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Down on the farm: Strawberries and snails - the funcrunch files


Jan. 30th, 2013 10:33 pm Down on the farm: Strawberries and snails

Today at the farm I got to plant strawberries around the perimeter of that Hügelkultur bed I helped with last Wednesday. Strawberries are one of my favorite fruits (surpassed only by peaches), so I'm excited to monitor the progress of these plants, and look forward to enjoying the first ripe berries from the harvest in a few months.

By lunchtime it was warm enough to strip down to a tank top. The warmth of the sun felt incredible on my bare skin. I've missed it for so long.

Being at the farm gives me such a good feeling, especially sharing the vegan lunch with the other volunteers. In the six months I've volunteered there, I've yet to meet anyone I disliked. Can't say that about anywhere else I've worked (including my other volunteer positions). It's a very special, unique place.

It's not all unicorns and rainbows though. One day a few months back I was working in the greenhouse, bathing trays of plants in fertilizer. While letting each tray soak for a minute or two, a snail caught my eye. I love snails. I've always thought they were really cute.

Snail

I watched him for awhile, then pointed him out to another volunteer. The volunteer thanked me, grabbed the snail, took it out and stepped on it. I nearly had a heart attack. But I learned my lesson that day: Snails eat the plants, they are pests, they are competing with us for the food. They need to be removed or killed.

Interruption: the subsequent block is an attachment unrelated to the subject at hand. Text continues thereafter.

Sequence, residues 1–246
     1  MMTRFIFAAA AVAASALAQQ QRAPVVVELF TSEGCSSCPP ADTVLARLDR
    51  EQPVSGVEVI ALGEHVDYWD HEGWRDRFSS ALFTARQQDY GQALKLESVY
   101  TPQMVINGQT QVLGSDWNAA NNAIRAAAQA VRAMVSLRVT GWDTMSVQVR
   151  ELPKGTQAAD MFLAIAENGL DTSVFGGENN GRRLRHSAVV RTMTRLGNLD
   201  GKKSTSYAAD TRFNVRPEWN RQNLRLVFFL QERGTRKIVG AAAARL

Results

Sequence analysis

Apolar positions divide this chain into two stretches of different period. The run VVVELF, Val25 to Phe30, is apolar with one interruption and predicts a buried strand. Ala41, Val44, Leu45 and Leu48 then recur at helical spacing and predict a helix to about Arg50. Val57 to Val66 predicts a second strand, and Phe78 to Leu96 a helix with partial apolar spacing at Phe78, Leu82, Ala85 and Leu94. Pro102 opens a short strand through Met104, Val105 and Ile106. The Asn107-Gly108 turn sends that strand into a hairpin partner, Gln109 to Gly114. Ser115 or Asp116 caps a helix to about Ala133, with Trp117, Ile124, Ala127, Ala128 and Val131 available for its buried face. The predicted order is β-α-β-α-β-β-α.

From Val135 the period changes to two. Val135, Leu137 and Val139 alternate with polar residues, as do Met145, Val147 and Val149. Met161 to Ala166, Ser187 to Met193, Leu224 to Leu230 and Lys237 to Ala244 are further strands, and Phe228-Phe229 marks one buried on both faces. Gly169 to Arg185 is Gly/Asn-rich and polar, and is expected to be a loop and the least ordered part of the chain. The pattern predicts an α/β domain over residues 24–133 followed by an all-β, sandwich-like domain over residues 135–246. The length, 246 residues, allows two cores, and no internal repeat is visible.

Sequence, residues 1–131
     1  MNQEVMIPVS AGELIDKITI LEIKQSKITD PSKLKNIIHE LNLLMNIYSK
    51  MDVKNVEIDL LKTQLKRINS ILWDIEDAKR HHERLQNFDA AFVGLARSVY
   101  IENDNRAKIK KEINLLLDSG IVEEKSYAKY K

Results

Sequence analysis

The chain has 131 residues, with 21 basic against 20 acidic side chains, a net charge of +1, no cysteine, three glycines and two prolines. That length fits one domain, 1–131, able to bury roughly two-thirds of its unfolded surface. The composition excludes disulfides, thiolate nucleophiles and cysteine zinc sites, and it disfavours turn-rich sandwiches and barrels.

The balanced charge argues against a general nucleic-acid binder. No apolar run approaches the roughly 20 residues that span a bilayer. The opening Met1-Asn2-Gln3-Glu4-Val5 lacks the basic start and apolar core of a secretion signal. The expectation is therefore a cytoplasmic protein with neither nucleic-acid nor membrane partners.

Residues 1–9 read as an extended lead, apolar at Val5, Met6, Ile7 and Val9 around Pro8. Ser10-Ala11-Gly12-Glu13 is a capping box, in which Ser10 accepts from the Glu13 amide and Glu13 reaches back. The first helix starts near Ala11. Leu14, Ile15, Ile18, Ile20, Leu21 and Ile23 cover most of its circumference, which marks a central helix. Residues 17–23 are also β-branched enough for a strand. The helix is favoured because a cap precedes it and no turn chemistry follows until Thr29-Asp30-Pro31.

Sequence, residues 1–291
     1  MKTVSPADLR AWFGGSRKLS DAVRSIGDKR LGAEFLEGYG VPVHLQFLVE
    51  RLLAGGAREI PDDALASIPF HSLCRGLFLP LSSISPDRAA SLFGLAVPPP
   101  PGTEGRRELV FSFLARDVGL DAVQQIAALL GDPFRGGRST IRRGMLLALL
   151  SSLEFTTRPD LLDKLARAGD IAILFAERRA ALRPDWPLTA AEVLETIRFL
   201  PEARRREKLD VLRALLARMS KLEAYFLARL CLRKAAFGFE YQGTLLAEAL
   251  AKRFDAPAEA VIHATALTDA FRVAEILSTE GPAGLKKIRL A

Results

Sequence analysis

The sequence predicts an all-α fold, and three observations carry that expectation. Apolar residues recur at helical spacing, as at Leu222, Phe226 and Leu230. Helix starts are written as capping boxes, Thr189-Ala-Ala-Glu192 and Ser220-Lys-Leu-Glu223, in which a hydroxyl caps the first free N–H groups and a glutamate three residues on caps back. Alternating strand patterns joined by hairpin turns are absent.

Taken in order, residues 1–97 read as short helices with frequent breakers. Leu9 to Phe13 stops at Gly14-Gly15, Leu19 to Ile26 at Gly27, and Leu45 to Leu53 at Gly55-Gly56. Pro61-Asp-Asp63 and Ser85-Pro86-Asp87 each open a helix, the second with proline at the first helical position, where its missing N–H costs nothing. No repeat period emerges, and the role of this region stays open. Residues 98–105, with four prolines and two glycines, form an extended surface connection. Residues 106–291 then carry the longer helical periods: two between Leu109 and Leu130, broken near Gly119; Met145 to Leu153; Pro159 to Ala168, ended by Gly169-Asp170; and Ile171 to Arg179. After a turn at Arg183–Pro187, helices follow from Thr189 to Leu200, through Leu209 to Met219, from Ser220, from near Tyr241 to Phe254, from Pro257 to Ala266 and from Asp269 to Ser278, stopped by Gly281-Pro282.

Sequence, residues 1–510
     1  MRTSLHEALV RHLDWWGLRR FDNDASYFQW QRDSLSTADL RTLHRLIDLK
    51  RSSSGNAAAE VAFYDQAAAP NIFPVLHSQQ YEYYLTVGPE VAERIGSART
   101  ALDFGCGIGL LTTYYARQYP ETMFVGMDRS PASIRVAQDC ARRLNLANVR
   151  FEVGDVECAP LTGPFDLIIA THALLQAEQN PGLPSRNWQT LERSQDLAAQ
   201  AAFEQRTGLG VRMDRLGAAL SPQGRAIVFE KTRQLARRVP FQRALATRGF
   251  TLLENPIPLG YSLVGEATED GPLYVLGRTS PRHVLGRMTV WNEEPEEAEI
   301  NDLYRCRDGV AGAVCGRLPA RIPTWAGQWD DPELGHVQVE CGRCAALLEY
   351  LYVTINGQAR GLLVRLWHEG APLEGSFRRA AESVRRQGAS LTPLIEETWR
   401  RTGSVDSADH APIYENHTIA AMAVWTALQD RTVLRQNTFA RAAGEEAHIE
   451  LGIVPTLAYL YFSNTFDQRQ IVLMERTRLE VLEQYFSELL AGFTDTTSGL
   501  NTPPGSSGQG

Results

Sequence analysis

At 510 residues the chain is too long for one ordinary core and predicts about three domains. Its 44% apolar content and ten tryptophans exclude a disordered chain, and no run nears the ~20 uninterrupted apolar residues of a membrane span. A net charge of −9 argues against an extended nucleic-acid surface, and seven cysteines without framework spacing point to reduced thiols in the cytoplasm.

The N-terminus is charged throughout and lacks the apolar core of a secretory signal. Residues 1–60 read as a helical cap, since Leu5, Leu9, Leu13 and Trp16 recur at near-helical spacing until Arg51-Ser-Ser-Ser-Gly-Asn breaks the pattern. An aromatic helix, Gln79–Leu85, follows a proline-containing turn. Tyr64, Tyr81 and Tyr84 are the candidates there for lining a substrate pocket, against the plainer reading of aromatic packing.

I still felt bad about this though, and wondered aloud what could be done to save or relocate them. The man in charge of our greenhouse said that if we knew someone who had chickens, we could put them in buckets and the chickens would be very excited to eat them. (It amuses me how many people think chickens are vegetarians, perhaps influenced by commercials by poultry producers promising chickens fed only with healthy corn. Chickens are birds. Left to their own devices, they scratch in the dirt for bugs.)

Another volunteer said that we could throw them in the outgoing compost bin and let Sunset Scavenger deal with them. So that's what I decided to do from then on.

So today while helping remove a row cover, I found several snails and put them aside for a moment. After helping fold up the long cover I collected the five creatures in my hands. They soon came out of their shells and crawled all over my hands and each other, craning their eye-stalks. I watched for several minutes, transfixed. The sensation of the largest snail crawling up my finger was pleasant, like a gentle massage. I showed a couple of other people; they didn't seem particularly interested. (One suggested getting some Boric acid.)

Eventually I dropped the lot gently into the compost bin. No use being overly sentimental. After all, it's silly to value one animal's life over another based on looks or amusement value alone. I'd kill a housefly and many other insects without hesitation. I don't pretend that my fascination with snails has any moral or rational basis to it.

And yet... *sigh*

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Comments:

From:inflectionpoint
Date:January 31st, 2013 03:55 pm (UTC)
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Snails compete with us for food. That means difficult decisions.

The common snail was imported to the USA by people who wanted to use it for escargot. And then it escaped. And now we're stuck with a country riddled with them. Non native species can make so much difficulty!
From:funcrunch
Date:January 31st, 2013 07:21 pm (UTC)
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Well I'm no expert on birds, but I know chickens for sure are not natural herbivores. Of course, in modern industrial agriculture the goal is to fatten the animals for slaughter as quickly and cheaply as possible, so the natural diet pretty much goes out the window.